According to the tender, published today, under Regulation 882/2004, all EU member states are required to have in place a National Reference Laboratory for GMO testing of food and feed. In the period 2013-2015 Ireland will outsource the role of this lab for GMO, it stated.
Deadline for submissions is 20 September and the tender can be found here.
GMOs are organisms, such as plants, animals and microorganisms whose genetic characteristics have been altered in a way that does not occur naturally by mating and/or natural recombination food and feed which contain or consist of such GMOs, or are produced from GMOs, are called genetically modified (GM) food or feed.
EU legislation on GMOs has been in place since the early 1990s and aims to ensure that GMOs and GMO-derived products that are produced or marketed within the EU meet the highest safety standards whilst ensuring harmonised regulation thereby ensuring the effective functioning of the internal market.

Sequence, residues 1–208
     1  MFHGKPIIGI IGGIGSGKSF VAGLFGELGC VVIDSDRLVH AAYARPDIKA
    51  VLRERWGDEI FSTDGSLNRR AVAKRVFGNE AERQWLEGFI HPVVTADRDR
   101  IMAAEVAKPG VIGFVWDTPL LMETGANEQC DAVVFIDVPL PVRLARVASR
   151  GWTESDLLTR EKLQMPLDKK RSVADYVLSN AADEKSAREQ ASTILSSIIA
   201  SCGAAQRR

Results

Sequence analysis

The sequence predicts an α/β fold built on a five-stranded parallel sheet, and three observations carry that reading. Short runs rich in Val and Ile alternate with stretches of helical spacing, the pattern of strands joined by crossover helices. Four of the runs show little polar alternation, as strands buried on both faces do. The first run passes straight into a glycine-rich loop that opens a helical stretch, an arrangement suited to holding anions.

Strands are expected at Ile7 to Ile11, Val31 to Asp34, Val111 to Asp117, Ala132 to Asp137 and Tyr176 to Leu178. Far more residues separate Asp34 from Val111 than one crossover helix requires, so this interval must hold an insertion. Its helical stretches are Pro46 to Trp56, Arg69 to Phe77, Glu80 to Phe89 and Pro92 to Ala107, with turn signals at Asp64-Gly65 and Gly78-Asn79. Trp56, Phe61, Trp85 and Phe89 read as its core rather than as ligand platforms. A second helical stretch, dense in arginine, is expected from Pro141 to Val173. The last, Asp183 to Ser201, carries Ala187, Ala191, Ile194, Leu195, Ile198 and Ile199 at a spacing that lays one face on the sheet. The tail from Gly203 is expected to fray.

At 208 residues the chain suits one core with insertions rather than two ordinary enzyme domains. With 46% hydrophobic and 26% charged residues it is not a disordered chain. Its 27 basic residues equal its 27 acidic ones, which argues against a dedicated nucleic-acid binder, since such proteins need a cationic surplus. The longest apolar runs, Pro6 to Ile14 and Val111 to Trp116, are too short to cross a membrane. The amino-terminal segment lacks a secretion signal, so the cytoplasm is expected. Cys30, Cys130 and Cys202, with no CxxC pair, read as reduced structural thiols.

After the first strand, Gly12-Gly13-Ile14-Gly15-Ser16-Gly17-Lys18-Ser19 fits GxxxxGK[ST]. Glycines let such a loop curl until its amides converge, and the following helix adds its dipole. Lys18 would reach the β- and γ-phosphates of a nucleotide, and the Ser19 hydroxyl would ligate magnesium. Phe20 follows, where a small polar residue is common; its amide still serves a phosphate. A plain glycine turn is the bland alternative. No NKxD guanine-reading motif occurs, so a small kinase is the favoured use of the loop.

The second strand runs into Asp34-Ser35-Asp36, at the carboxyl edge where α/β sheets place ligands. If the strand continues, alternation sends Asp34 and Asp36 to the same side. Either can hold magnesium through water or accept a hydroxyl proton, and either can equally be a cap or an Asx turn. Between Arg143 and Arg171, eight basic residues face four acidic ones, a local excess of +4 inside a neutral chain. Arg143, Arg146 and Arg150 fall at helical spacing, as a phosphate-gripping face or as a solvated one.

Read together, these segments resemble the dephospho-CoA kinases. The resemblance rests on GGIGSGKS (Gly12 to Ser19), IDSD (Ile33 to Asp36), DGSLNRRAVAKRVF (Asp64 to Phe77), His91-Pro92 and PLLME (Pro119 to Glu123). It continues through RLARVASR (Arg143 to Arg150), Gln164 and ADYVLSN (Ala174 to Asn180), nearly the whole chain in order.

According to the Food Safety Authority of Ireland, the Department of the Environment, Community and Local Government along with the Environmental Protection agency (EPA) are responsible for the environmental aspects of GM technology including contained use, crop trials and the placing on the market of GM crops for general cultivation purposes.
In addition, the seed certification division of the Department of Agriculture, Food and the Marine (DAFM) works with the EPA in respect of GM seed regulation, while the animal feed section of DAFM regulates GM feed.
Meanwhile, it was announced this afternoon that Slow Food chair Darina Allen and Teagasc’s Dr Ewen Mullins, the head of Ireland’s first GM research trial are to debate the research at the Grow It Yourself Gathering this September. Last year, the EPA gave Teagasc permission to start a three-year field-based research study of a GM potato at its facility in Oak Park, Co Carlow.